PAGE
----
$1.35m fund set up for community care groups to develop fun activities for seniors

Seniors will soon be able to take part in more initiatives aimed at easing loneliness and social isolation which were prevalent during the Covid-19 pandemic. PHOTO: LIANHE ZAOBAO

SINGAPORE - Seniors can look forward to more activities to ease their loneliness and social isolation, thanks to a new $1.35 million fund that community care organisations can tap.

At the launch of the fund on Friday at the Grand Copthorne Waterfront hotel, Agency for Integrated Care (AIC) chief executive Tan Kwang Cheak said social isolation among the elderly is a key concern as it is linked with poor physical and mental health.

“The current funding for the community care sector in Singapore generally supports capital expenditure, provision of essential medical care services to seniors, and solutions to increase staff productivity,” he said.

But the Fun! Fund will help organisations think of new ways for the seniors they serve to have fun, he added.

“We believe that participation in fun activities encourages seniors to feel connected, maintain their curiosity to seek new experiences, increase their life satisfaction and general sense of well-being, and bring much needed laughter and feel-good feelings for seniors.”

The fund was set up by AIC and the Community Foundation of Singapore.

Organisations can apply for a grant of up to $50,000 for each project, which should encourage seniors to be active, connect with others and keep learning.

The programmes must be easily sustained and replicated by different organisations and allow for the building of staff and volunteer capabilities.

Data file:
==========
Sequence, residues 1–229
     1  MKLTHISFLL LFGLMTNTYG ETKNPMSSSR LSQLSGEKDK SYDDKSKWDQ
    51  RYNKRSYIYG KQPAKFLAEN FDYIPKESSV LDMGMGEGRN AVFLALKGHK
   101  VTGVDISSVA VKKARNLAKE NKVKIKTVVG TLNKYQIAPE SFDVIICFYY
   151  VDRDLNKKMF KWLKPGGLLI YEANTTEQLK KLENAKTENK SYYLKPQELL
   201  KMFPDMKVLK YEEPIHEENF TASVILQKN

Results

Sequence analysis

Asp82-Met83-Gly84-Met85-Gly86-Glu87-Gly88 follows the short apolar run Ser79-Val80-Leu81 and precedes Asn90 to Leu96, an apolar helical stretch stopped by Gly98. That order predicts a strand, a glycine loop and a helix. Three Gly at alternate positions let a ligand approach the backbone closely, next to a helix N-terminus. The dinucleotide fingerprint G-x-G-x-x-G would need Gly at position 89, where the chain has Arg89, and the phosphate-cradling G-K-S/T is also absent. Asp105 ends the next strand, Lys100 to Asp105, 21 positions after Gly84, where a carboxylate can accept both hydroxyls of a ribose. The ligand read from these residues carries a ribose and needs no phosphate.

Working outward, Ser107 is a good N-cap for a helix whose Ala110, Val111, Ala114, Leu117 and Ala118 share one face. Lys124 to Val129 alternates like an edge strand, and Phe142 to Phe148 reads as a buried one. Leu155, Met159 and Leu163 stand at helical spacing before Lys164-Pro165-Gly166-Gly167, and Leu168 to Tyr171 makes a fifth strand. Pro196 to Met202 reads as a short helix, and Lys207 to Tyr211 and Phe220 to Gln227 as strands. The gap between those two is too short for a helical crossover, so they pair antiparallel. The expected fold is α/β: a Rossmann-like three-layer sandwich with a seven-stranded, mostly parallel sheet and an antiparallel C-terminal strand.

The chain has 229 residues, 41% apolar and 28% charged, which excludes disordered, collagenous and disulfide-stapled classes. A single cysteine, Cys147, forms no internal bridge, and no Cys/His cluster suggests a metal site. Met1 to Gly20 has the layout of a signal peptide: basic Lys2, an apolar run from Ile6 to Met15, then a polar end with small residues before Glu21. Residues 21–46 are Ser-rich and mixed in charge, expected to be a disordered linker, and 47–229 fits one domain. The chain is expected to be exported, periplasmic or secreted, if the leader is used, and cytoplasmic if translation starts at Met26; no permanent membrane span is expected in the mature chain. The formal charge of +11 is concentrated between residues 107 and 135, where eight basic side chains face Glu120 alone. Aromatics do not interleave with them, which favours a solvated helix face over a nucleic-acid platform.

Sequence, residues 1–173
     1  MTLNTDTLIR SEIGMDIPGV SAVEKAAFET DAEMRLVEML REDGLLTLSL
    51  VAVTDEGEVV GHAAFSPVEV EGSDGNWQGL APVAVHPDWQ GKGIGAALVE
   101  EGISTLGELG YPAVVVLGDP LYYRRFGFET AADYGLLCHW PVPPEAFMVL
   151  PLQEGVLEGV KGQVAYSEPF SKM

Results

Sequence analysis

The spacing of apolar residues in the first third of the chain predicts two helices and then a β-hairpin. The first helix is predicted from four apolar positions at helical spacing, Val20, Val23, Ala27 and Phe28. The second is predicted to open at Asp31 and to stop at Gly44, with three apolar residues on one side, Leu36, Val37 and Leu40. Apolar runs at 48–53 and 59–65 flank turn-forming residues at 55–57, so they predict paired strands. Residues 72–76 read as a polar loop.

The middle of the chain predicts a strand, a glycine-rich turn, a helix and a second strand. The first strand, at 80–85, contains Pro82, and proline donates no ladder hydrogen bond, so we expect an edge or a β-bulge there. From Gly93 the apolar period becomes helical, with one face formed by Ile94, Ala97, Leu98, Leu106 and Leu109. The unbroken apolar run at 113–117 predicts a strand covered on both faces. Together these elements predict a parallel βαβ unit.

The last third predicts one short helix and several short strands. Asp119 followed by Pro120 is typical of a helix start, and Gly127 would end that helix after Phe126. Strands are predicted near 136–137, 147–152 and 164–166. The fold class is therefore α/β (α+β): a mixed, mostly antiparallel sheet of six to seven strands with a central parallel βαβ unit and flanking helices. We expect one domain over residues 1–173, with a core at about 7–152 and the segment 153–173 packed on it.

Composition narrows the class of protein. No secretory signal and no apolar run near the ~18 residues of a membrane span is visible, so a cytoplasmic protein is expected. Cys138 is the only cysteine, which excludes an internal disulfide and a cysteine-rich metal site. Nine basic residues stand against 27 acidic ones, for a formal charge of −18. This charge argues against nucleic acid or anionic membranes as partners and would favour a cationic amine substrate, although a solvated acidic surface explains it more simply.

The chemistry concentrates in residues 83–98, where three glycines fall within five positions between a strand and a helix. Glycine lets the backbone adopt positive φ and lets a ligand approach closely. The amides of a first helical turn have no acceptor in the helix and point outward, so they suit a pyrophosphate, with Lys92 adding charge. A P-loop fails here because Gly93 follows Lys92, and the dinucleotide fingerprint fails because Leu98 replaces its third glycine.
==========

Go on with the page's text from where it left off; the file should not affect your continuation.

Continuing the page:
The new fund is part of an agreement signed by AIC and the Community Foundation of Singapore on Friday to collaborate on initiatives to promote active ageing and business continuity for the community care sector.

The three-year partnership will focus on active ageing initiatives, supporting community care organisations in enhancing community spaces for seniors’ social activities, manpower development and recognition, and allow staff to continue operating in times of crisis such as the Covid-19 pandemic.

Mr Kenny Low, the executive director of City Harvest Community Services Association, which runs a senior activity centre, said his organisation plans to scale up its Rummikub friendly competition, which it has organised for 130 seniors from six active ageing centres.

Similar to mahjong, the table tile game helps to prevent dementia as it requires hand-eye coordination and the manipulation of numbers.

He is also toying with the idea of a gesture remote-controlled car competition to encourage seniors to move about and visualise the motion of the cars, he said.

Sree Narayana Mission chief executive S. Devendran said he is keen to get young people on his team to brainstorm ideas and also join in the activities with seniors.

“When we think of fun, the most fun we had was when we were young. I’ll prompt them (the youth volunteers) with the tagline: When was the last time you did something fun for the first time?”

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